Wendy and I have spent a lot of time in various doctors’ offices lately, and I’ve been reminded that there is a right way and a wrong way to treat a young patient and her family.
Here’s an example of a doctor’s visit that didn’t go so well last week. It started late in the afternoon, after school. The doctor was new to us, arrived fifteen minutes after we were in the exam room, did not introduce herself, nor called me anything but Mom. She did not address Wendy by her name once. We were there because Wendy had hurt her knee, but the doctor asked a lot of questions about her medical history. It bordered on nosy. Granted, Wendy’s medical history is chock full, and I understand that there are a lot of questions, but not necessarily for a hurt knee, other than the fact that she can’t take NSAIDs like ibuprofen because it is bad for her kidney. The doctor also commented on her bifocals as unusual, again nothing to do with Wendy’s knee. As we left (and thank God that Wendy was out of the room already) she said to me, “Don’t worry mom, she has to do SOMETHING the normal way. Maybe her knee will be it.”
Unhelpful comment, doctor. It is not your place to editorialize my daughter and her medical history. It’s your job to tell us what to do about her knee. Meet us where we are in this moment.
Today we had a totally different experience. We saw a doctor who has been following Wendy since the beginning of her illness, almost since the first day of it. First, she saw us downstairs in line waiting for coffee and paid for our order. Then she met us upstairs, where we addressed concerns I had about medication and blood pressure. She had the nurse come in both to say hello and to confirm medications and prescriptions. She ordered labs, and though it was a new computer system, made sure that it was working, printing out the labs herself after the front desk couldn’t find them in the new system. She looked at Wendy’s ultrasound, told us what it said, and we arranged for a meeting in a month. She wished Wendy happy birthday, and we left.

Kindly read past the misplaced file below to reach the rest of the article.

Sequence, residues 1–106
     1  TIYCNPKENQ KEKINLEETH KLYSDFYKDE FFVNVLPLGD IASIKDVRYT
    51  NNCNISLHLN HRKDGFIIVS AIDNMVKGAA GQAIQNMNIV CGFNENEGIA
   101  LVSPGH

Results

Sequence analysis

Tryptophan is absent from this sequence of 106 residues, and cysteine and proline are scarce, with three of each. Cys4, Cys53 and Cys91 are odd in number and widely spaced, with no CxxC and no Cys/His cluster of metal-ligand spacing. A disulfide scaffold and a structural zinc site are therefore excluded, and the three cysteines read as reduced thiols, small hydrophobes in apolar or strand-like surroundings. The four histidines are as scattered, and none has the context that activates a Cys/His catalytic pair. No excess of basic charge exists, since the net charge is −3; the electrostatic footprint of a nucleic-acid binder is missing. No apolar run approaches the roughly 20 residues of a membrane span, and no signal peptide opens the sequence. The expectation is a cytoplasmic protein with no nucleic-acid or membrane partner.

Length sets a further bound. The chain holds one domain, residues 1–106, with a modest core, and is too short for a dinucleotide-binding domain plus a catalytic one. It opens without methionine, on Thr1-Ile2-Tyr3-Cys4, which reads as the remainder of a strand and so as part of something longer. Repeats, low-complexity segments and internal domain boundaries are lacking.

Granted, this second doctor has known us for a long time, and we have a very special relationship with her, but that doesn’t mean that the first encounter with the first doctor was what we should be willing to accept as care for a child. For the sake of argument, let’s say it is the difference between being courteous and being helpful, and it applies to everyone from the doctor to the receptionist at the front desk.
Being courteous is answering questions directly, but not necessarily providing any solutions for the patient or parent. Being helpful is when you team with the parent, even momentarily, so that you can come up with a solution to the problem at hand, so that the parent doesn’t feel like they’ve been hung out to dry. Being courteous is saying that your patient needs a test and it’s in Building Such and Such. Being helpful is showing the parent how to get there, why it needs to be done, and what the results will mean.
Let’s face it, families are rarely in the doctors’ office because something good is happening. Therefore, the parent is often stressed. The child is either sick or in pain, and additionally he or she can pick up on the parent’s distress. Add to the mixture the traffic getting in, finding a parking spot, the possibility of getting bad news, any new information that might be thrown at the parent, and there’s an overwhelming sense of doom in the waiting room. No one is there because they want to be.
So it’s important to treat these families better, then say, someone who is ordering a double-tall-skinny-latte at the drive up window at Starbucks. “I’m sorry, I can’t help you with that,” rings a little hollow when you have a sick kid in tow, knowing that tests will be ordered, waiting for bad news, in a room that (let’s face it) could be a little more child friendly.